Ski trips can provide the outdoor thrill of a lifetime, but they require meticulous planning and attentiveness to complete. Here are seven ways to make the most of your next ski trip and create an unforgettable experience.
1. Upgrade Your Gear
First and foremost, you should inspect your skiing equipment for quality. Spread all of your gear out on the floor and go through each piece one by one. Take note of any damages and determine if you need to make some upgrades. You should especially prioritize your boots, gloves and protective headgear, since they give you the most essential protection on the mountain. Few things are more dangerous in a cold environment than vulnerable extremities.
Your skis, poles and other padding should also be in optimal condition. If you notice any deterioration that could compromise your safety, it’s time to get new equipment. A set of high-quality equipment will make your trip much more comfortable.
2. Book at the Right Time
Booking at the right time is a crucial aspect of your ski trip’s success. Even the most experienced winter outdoorsmen sometimes make the mistake of booking a trip during a mountain’s busiest times. These times include:
- Christmas and New Year’s (Dec. 24 to Jan. 1)
- MLK Day weekend (third weekend of January)
- President’s Day weekend (third weekend of February)
- College Spring Break (the first two weeks of March)
Avoid these time slots as best you can and aim to book your trip in early January or early February. The slopes, lodges and other gathering places will be less crowded and still in optimal condition, affording you more time and space to enjoy the luxuries of your ski trip.
3. Stay on the Mountain
You should also focus on lodging as close to the mountain as possible, or ideally on the mountain itself. This decision will save you hours of preparation and travel throughout the week. Instead of driving to the resort, finding parking and waiting in line for rental gear, your group can be among the first people on the slopes every day.
Some resorts deliver rental gear to their on-site lodging, which can eliminate another hassle for you. However, options are limited. Only a select few manage to book their spots on the mountainside for the weekend they want. To increase your chances of getting a good location, you must begin your search well in advance. The sooner, the better.
4. Get Everyone Up to Speed
As your trip draws nearer and nearer, everyone should prepare themselves both physically and mentally. Get yourself into decent shape and recall the fundamentals of skiing. If your group has any beginners, they should watch instructional videos and get used to the feel of their equipment before they set foot on the mountain.
By getting everyone up to speed before the trip, your first day on the slopes will go much more swimmingly. Experienced skiers can thoroughly enjoy the mountain, and the beginners can start their training with more confidence. Proper preparation prevents poor performance.
5. Plan for the Right Altitude
The altitudes of popular ski resorts widely vary, so you must consider that factor when planning your trip. If you book a trip to a mountain with heights you haven’t experienced before, your group will probably suffer from altitude sickness. These are the main symptoms:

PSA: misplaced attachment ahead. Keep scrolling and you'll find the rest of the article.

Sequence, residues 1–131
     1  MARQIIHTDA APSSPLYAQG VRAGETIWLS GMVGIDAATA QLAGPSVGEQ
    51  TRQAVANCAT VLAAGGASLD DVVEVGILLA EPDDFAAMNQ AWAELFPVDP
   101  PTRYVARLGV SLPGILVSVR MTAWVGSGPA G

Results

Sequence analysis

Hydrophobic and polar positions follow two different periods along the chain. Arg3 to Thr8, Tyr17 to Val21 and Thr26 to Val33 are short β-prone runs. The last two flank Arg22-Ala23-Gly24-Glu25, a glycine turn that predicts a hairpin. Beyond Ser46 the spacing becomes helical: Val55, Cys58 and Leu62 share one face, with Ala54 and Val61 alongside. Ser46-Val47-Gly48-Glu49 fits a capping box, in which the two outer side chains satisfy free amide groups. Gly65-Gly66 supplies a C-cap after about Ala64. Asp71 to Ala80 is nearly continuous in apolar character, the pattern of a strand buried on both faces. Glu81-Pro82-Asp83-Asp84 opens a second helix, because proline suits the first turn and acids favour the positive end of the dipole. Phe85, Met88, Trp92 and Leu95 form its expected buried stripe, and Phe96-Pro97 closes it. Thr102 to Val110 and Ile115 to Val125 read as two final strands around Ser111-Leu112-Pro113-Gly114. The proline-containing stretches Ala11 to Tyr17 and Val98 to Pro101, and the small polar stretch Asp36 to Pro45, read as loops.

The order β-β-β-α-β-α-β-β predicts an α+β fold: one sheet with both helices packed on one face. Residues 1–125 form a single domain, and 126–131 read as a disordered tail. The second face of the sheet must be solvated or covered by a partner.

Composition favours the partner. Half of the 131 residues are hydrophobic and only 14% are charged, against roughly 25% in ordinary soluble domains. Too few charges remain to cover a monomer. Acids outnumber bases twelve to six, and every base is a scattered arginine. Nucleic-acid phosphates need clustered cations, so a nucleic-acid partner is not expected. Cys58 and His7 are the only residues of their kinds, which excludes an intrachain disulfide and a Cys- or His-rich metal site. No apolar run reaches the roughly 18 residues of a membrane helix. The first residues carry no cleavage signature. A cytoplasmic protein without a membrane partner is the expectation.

- Muscle cramps
- Shortness of breath
As a precautionary measure, plan your trip at an altitude you’ve tolerated in the past. When you begin skiing, be mindful of your energy levels and note if any symptoms occur. You should also stay thoroughly hydrated and pace yourself. Many have made the mistake of burning themselves out on the first day. It’s not a race – take your time on the slopes and enjoy yourself.
6. Hold Your Ground on the Slopes
If you want to make the most of each run, don’t be afraid to hold your ground on the slopes. Tell the lift operator if you want to ride the ski lift alone. Speak honestly with your groupmates about which slope difficulties you’re comfortable with because once you hop on the lift to the black diamond, there’s no hopping off.
Additionally, never concede your space to other skiers. You are just as entitled to a smooth descent as everyone else. You have the right of way to any skiers behind you. Ignore the speedsters, stay in your lane and remember the fundamentals of proper mountain etiquette:
- Always stay in control of your skis.
- Never stop in the middle of a slope or an area with low visibility from above.
- Look uphill before merging onto a slope.
- Use carabiners and other devices to keep your equipment on your person.
- Follow the posted signs and warnings.
7. Try Something New
Skiing is just the tip of the iceberg for your winter trip. If you find that the slopes have become too redundant, try one of these activities instead:
- Snow tubing
- Sleigh rides
- Sled dog rides
Most well-established resorts have multiple attractions to choose from. Of course, food and drink is also viable form of entertainment. Your resort should have a wide array of options in that department, but you should also take some time to explore the nearby town for unique bars and restaurants.
Execute Your Ski Trip Like a Pro
By following the above seven factors, you will be able to execute your ski trip like an experienced professional. Taking care of your equipment, observing your surroundings, and planning ahead will allow you to live in the moment and enjoy your trip that much more.